Is Retirement a Good Thing?

People my age (I’ll turn sixty in December), plus or minus a few years, are either retiring or thinking about retiring. Isn’t that everyone’s goal, to retire, to not have to work anymore, to sleep in, and only do what you want to do? But, is retirement good for us? There have been studies through the years that have shown how people’s health, physically and mentally, decline once they retire. Retirement is also listed 10th on the list of life’s 43 most stressful events. In fact, the reason I started to write this post was because I believed that retirement was typically an unhealthy thing to do. In researching the topic, however, I found some surprising data.


In order to understand this better, let’s discus some of the changes you may experience when you retire.

  • Your sense of purpose may change. If you have had a career in some field that inspired you, that loss can leave you unmotivated and depressed.
  • Your schedule changes. The time structure and hours you have kept disappear. Suddenly, you may find yourself sleeping late (not always a bad thing) and without a set schedule, you may find yourself not getting around to doing any of the things that you thought you would.
  • Your secondary social environment is gone. For many of us, a huge part of the social interactions that we have during the day are with co-workers, clients, and/or customers. Many retirees experience loneliness
  • Your physical life may change. While many people may have sitting jobs, there are also a lot of people that are physically active in their jobs. Construction workers to mail carriers will see a loss in the “mandatory” movement that their jobs required. Without regular physical activity, our health and ability to do daily tasks can be compromised.

Well those are some of the changes and some of the negative consequences that can occur when you retire, but… new research has been showing people are getting more out of retirement than they used to. It appears that the keys to their happier, healthier retirement are:

  • Finding a part-time job doing something you love (either for pay or volunteering) to give you a sense of purpose. This can also help you build new social connections, possibly teach you new skills, and give you a schedule that can get you up and out of your house.
  • Getting or keeping physically active. It’s so important for your health and physical independence to exercise, and now you have the time. Gyms, studios, or health clubs also offer another social environment.
  • Continuing to learn. Whether it’s learning a language, arts, or even going back to college, cognitive challenges help maintain brain health.


So, if you are looking forward to retirement or are already there, these are the types of activities to incorporate into your vision of retirement to make the most of your health, fitness, and happiness. Live long. Live healthy. Live happy.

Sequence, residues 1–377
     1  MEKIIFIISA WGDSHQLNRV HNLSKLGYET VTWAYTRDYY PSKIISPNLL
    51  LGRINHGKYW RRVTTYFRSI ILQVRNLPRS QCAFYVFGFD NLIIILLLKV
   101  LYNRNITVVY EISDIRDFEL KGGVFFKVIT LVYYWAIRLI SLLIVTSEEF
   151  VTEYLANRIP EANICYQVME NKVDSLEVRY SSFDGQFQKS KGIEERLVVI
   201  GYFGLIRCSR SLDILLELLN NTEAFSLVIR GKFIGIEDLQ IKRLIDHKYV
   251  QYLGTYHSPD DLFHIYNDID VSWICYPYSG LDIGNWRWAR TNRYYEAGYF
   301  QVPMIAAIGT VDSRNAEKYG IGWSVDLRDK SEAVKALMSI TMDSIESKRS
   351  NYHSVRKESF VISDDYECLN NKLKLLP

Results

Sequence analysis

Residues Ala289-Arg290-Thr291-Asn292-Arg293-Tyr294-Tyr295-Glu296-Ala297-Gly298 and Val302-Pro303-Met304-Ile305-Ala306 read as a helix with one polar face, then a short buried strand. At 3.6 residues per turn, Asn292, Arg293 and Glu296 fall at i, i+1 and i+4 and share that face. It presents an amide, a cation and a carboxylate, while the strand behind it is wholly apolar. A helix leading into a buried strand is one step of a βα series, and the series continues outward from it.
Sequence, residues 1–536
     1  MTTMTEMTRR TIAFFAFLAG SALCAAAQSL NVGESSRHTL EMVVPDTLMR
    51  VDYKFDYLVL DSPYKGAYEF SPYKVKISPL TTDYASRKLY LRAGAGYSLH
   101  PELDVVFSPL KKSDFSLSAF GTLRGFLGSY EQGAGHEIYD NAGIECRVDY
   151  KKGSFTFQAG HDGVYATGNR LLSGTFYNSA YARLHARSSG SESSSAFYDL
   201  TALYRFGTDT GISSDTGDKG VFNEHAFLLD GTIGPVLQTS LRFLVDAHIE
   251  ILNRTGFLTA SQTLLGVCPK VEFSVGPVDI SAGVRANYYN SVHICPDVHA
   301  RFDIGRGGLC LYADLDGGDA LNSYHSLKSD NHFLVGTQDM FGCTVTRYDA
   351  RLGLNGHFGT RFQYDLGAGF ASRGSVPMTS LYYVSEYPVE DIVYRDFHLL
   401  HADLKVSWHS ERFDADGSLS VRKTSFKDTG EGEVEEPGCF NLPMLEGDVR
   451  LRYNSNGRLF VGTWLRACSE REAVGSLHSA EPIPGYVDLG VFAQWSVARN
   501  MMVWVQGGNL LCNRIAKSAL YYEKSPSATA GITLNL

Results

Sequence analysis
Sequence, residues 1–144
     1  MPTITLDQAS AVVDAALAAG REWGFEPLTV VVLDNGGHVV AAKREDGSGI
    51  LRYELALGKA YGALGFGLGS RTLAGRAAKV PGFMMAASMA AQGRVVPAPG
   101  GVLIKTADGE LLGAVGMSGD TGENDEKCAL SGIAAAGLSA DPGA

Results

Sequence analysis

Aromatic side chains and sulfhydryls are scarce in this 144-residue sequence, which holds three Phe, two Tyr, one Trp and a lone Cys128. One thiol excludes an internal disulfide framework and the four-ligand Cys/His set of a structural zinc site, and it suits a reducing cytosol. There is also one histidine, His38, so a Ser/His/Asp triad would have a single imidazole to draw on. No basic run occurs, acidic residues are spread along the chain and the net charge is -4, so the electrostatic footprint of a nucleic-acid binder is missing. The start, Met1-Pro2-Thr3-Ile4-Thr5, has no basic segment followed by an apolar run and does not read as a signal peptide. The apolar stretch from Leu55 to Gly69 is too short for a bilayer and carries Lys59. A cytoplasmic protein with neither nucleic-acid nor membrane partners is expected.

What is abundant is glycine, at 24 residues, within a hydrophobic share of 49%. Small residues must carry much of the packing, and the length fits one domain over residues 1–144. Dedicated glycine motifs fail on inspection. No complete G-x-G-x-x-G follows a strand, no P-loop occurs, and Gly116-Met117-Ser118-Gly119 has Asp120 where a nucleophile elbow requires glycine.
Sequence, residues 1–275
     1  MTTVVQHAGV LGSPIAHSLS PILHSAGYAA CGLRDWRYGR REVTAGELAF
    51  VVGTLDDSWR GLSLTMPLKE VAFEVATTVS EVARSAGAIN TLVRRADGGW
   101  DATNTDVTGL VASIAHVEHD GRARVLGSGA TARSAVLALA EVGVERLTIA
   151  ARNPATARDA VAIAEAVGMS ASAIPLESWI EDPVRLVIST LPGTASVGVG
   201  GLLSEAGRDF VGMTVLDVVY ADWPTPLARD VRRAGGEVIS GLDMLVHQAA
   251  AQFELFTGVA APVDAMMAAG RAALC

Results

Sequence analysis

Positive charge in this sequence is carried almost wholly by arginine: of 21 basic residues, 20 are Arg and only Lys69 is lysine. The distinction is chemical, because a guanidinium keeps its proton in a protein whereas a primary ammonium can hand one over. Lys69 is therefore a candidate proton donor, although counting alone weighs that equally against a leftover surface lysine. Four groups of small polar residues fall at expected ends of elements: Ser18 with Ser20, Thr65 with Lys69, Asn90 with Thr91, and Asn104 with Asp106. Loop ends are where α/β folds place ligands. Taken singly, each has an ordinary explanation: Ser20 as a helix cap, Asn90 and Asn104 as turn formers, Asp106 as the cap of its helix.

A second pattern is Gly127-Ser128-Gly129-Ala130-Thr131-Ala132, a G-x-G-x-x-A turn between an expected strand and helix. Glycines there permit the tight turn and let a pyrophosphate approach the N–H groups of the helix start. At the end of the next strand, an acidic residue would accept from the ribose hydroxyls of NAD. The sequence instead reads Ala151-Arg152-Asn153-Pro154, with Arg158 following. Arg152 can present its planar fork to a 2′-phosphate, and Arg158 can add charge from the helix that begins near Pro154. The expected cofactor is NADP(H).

What Does It Mean to Be Fit?

My ideas for posts frequently come from something I see or read in the media. Finding a More Inclusive Vision of Fitness in Our Feeds, an article in the New York Times made me realize that it was time to talk about our perceptions of what it means to be fit. If a client tells me that they want to become fit, my first question is, “Fit to do what?” Being fit to run a marathon is not the same as being fit to lift boxes at your UPS job, or fit to comfortably get through your daily activities.

There is no one perfect fitness level for everyone. The models we see in commercials, print, and in social media, are either making or trying to make a living from being fit. Getting that lean and muscular (like that of a fitness competitor), is not only difficult to achieve, it’s also extremely difficult to maintain. So, as we look at the images of these individuals, whose job is essentially to look as fit as possible, why is it that we believe that we need to look like them? Well, the simple answer is that marketers try to convince us that we both can and should, through the use of their product or service, look just like them.

While you may desire to look like the models, it’s important to realize that you don’t need to look like them to be fit and healthy. There are some great pictures on internet that (I believe) were published by Sports Illustrated. They show the bodies of top athletes in different sports. Their body types vary widely, illustrating how you can be very fit, elite in your field, and still have a body that doesn’t look like those fitness models.

male athletes

The idea of being comfortable in a less than Adonis body, means that you are less stressed, less anxiety ridden about your appearance, which should allow you to enjoy life a little more.


1DB53F88-D145-469D-A558-0A778F5C07D4-2580-00000269638C2946The catch is that this doesn’t mean sit around and eat whatever you want. You still have to workout and eat healthfully. That’s what is going to help you get/stay fit (to do whatever it is that you want to do) and healthy by getting all of the nutrients you need for your body to function properly. But, you don’t need to look like a fitness model. Be fit, be healthy, but also be happy in knowing that fitness comes in all shapes and sizes.